39 Pages Posted: 25 Jun 2007 Last revised: 27 Jul 2015
Anyone who has spent time in cyberspace understands the concept of an alter-ego. In on-line games, chat rooms and on the internet generally, users select one or more avatars to represent themselves. Avatars function as the end-user's alter-ego. The avatar may be a three-dimensional character in a multiplayer game or a two-dimensional icon on a bulletin board. This article uses the concept of avatars to explain the tax treatment of real-life alter-egos: agents under a power of attorney. Specifically, the article discusses (1) how traditional, standard legal instruments can be used to create legal alter-egos; (2) how and why these legal avatars receive favorable transfer tax treatment; (3) how uniform laws are changing to protect legal avatars; (4) whether new legislation will increase or decrease the use of legal avatars; and (5) how scholars might use the tax treatment of legal avatars to advocate for the favorable tax treatment of relationships that arise by choice.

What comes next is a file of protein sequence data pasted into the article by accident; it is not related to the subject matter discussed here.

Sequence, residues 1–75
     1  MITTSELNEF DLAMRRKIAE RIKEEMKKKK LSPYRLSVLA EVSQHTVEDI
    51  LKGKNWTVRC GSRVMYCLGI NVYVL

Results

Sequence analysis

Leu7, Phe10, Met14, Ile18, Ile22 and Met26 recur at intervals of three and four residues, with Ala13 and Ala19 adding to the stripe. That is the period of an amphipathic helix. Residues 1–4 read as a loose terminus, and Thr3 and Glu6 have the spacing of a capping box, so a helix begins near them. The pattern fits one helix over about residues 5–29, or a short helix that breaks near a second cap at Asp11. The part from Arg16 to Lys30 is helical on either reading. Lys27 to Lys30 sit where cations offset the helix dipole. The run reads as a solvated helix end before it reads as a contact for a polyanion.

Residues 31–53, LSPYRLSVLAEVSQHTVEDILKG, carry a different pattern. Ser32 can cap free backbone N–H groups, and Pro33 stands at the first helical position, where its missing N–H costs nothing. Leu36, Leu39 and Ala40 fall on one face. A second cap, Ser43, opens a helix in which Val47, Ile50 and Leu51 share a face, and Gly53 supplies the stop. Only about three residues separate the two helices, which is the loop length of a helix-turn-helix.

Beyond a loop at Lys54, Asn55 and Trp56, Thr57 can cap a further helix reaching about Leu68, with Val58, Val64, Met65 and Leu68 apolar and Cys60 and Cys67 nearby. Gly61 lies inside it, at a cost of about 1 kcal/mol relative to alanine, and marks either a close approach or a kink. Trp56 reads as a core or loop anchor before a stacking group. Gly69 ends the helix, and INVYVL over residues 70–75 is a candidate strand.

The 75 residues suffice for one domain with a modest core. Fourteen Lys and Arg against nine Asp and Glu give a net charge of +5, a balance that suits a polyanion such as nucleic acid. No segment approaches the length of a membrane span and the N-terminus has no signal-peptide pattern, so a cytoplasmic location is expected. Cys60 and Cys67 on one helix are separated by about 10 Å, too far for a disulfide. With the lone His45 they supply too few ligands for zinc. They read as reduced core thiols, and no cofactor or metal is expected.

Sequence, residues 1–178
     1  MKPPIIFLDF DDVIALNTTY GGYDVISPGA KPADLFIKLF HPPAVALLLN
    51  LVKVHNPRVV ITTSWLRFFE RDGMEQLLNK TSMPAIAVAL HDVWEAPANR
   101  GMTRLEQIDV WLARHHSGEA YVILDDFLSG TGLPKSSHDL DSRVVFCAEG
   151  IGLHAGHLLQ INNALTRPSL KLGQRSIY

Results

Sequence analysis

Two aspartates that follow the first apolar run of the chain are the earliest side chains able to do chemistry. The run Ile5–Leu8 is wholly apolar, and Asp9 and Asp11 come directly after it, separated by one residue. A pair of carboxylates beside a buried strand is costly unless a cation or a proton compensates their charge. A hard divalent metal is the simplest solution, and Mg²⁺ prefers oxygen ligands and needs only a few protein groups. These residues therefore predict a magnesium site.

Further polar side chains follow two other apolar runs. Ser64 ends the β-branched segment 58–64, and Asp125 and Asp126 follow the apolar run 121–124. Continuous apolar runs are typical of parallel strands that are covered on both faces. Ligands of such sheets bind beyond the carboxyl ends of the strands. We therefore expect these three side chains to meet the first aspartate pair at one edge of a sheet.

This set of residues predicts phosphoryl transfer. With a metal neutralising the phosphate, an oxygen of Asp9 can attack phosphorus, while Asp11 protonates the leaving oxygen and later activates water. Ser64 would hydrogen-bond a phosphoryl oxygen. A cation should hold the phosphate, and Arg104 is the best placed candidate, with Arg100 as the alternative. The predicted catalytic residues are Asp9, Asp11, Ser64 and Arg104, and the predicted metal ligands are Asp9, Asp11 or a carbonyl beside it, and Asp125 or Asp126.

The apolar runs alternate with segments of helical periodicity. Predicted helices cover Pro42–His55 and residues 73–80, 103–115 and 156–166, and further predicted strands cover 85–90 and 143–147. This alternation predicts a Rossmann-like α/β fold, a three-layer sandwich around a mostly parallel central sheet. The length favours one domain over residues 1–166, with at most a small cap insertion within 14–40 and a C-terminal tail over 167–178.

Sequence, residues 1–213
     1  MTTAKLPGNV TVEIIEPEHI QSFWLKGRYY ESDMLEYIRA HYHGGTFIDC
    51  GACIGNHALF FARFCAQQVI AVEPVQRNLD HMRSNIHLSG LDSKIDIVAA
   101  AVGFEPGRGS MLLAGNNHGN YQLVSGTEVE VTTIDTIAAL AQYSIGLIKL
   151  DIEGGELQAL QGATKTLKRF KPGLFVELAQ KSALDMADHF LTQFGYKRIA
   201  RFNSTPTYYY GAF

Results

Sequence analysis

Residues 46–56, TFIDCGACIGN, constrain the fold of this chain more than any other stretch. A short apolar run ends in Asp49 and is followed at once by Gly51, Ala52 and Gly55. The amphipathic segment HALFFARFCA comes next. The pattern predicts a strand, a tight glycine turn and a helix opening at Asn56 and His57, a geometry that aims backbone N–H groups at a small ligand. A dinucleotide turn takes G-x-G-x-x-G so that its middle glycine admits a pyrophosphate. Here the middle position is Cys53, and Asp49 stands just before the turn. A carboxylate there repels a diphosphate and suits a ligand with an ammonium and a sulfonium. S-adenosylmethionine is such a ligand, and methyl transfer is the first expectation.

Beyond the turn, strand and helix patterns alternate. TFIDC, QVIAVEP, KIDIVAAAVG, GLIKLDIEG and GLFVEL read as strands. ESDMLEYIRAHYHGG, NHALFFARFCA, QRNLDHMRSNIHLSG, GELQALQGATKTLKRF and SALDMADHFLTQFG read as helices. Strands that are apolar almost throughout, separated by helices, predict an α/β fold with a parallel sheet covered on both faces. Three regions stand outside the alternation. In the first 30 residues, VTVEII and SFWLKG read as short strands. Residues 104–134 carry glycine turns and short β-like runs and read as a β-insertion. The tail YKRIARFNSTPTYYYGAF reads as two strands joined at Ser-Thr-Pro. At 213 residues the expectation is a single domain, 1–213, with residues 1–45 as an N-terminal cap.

Keywords: power of attorney, fiduciary, family, tax, gift, estate, wealth, critical tax, family law, elder law
JEL Classification: K34, K39
Suggested Citation: Suggested Citation